Pot for Pain: Illinois and Connecticut Expand Access to Medical Cannabis

Pot for Pain: Illinois and Connecticut Expand Access to Medical Cannabis

by Chris Moore | NEWS |

Illinois will allow medical marijuana to be used as a substitute for opioids, while Connecticut has added eight pain-related qualifying conditions to its program.

The unique power of cannabis to treat otherwise intractable forms of childhood epilepsy has been one of the main drivers of medical marijuana legalization across the globe, but physicians have also been discovering that cannabis can also be a highly effective treatment for chronic pain.

This week, both Illinois and Connecticut expanded their medical cannabis programs to allow patients suffering from chronic pain to explore a safer alternative to addictive opioid medications. On Tuesday, Illinois Gov. Bruce Rauner signed a new law allowing individuals who are using opioids to switch to cannabis-based medicines. On the same day, Connecticut approved the addition of eight new qualifying conditions for the state's medical marijuana program, most of which are pain-related.

Illinois' new law, passed by state legislators this June, allows anyone that has a prescription for opioids, or has a condition that opioids would normally be prescribed for, to register with the state’s medical marijuana program. The new law is a reaction to the serious opioid crisis currently gripping Illinois and elsewhere, as well as a response to growing medical evidence that cannabis can provide a safe alternative to these addictive drugs.

“We’ve got to do everything we can to stop this vicious epidemic,” Gov. Rauner said at the bill signing. “We are creating an alternative to opioid addiction…It’s clear that medical marijuana treats pain effectively, and is less addictive and disruptive than opioids.” Last year, a research study found that two-thirds of patients enrolled in Illinois' medical marijuana program were able to cease their use of opioids. This study dovetails with a growing body of research indicating lower rates of opioid addiction and abuse in states where medical cannabis is legal.

Illinois currently has around 42,000 patients registered in its medical marijuana program, but over 2 million patients received opioid prescriptions last year, and the new law allows all of these patients to enroll in the program if thy choose. Fortunately, the new provision also removes a number of restrictions that made it difficult for patients to register with the state's program. Patients will no longer have to be fingerprinted and undergo background checks in order to be approved, and individuals with felony convictions will no longer be denied access to medical marijuana. Over 600 people were denied due to felonies last year.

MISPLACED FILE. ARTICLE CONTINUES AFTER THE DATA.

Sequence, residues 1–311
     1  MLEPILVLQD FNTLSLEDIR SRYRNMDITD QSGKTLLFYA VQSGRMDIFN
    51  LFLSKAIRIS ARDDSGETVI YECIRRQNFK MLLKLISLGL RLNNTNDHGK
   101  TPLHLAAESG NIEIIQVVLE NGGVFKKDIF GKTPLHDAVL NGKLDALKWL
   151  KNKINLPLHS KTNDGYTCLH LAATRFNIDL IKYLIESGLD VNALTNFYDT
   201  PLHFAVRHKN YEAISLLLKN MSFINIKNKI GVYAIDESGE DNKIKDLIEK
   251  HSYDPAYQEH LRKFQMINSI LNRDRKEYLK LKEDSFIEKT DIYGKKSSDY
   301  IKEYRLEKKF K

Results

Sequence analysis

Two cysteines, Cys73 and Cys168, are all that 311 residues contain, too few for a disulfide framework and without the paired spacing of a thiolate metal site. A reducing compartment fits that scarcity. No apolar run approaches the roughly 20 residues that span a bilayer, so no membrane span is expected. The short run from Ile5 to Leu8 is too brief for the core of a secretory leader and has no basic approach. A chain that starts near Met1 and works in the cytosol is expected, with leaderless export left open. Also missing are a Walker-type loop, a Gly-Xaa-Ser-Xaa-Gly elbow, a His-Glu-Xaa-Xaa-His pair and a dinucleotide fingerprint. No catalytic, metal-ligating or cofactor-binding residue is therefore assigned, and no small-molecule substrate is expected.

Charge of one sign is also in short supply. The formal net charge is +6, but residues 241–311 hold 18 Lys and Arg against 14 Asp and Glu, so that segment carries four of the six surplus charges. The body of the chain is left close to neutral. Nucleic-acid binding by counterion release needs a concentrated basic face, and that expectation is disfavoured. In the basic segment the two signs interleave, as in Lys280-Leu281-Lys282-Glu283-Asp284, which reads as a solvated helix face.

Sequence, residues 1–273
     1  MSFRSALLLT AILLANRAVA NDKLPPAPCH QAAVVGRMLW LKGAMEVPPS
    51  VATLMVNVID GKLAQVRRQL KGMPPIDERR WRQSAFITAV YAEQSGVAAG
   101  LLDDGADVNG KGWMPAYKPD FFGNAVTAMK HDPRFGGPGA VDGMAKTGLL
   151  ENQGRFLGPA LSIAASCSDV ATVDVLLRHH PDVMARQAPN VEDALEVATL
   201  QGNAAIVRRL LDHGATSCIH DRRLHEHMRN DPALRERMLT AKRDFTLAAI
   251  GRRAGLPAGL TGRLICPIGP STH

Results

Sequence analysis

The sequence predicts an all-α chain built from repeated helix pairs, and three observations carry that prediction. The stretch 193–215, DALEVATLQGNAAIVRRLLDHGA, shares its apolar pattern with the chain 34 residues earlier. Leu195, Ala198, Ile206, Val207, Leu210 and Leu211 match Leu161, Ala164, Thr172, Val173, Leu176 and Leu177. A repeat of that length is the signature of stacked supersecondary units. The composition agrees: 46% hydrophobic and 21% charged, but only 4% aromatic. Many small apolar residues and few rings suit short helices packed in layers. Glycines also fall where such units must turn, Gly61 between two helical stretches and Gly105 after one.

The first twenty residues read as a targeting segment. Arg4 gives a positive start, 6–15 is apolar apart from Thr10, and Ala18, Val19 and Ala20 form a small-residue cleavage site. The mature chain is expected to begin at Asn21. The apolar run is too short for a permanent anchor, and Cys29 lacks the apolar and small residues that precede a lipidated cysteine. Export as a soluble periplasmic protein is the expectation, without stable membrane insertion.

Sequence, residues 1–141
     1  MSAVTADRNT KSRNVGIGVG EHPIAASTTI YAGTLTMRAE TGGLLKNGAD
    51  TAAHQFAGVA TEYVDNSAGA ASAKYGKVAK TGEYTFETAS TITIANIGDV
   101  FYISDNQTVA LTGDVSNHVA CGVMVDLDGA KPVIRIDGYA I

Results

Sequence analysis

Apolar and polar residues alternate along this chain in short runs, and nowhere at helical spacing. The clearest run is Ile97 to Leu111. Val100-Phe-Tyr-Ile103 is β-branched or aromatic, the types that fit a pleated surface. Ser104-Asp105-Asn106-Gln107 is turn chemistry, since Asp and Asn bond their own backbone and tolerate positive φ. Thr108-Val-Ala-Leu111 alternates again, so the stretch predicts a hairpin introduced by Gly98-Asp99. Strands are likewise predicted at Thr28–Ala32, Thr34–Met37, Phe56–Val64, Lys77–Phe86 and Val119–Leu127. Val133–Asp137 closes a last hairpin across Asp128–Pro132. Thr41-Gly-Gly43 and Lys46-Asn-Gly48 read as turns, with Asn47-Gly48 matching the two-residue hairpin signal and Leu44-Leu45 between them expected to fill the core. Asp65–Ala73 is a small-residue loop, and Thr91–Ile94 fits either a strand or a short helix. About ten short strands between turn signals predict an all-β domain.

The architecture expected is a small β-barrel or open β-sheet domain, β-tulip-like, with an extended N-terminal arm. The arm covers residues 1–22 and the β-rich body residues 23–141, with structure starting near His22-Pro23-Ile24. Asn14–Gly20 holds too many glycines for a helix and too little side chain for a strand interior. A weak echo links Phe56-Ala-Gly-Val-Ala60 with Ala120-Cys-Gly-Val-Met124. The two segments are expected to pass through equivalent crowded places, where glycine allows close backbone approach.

“Now those suffering from pain can opt for medical marijuana — which has zero deaths related to overdose — over opioids,” said Ben Kovler, the Jim Beam heir who ditched the alcohol industry to become a legal weed entrepreneur, to the Chicago Tribune. “Numerous studies show that marijuana is effective at treating pain and we are thrilled the people of Illinois will now have that choice.”

Although the bill was signed into law this week, the state will not be able to fully implement the new regulations until December 1st. Patients with opioid prescriptions will be given access to a 90-day supply of medical cannabis, but state regulators are planning to enact regulations that will prevent them from stockpiling more than their share of legal weed during this time frame. Doctors reserve the right to renew patients' 90-day supplies, however.

Meanwhile, while the latest expansion of Connecticut's medical marijuana program does not specifically allow opioids to be replaced with marijuana, it does allow patients suffering from a number of pain-related illnesses to legally use pot. Six of the new conditions — fibromyalgia-related spasticity, severe arthritis, post-herpetic neuralgia pain, neuropathic facial pain, and two headache-related conditions — can only be invoked by adults as reasons for needing medical cannabis. The other two — muscular dystrophy and osteogenesis imperfecta — can be treated with medical marijuana by approved minors as well as adults.

The eight conditions were approved by the Connecticut Legislature's Regulations Review Committee this week, and will be submitted to the Secretary of the State's office for final approval. The expansions will be fully legal within a week after said approval, and patients suffering from these conditions can apply immediately thereafter.

“Now that these regulations have been accepted, more patients with severe medical conditions will have access to medical marijuana as a treatment option,” Consumer Protection Commissioner Michelle H. Seagull said in a statement reported by the Connecticut Mirror. “I want to thank our Board of Physicians and the committee for their thoughtful consideration of these conditions. I continue to be proud of the careful way that our program has expanded, and its commitment to a true medical model.” 


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Chris Moore is a New York-based writer who has written for Mass Appeal while also mixing records and producing electronic music.


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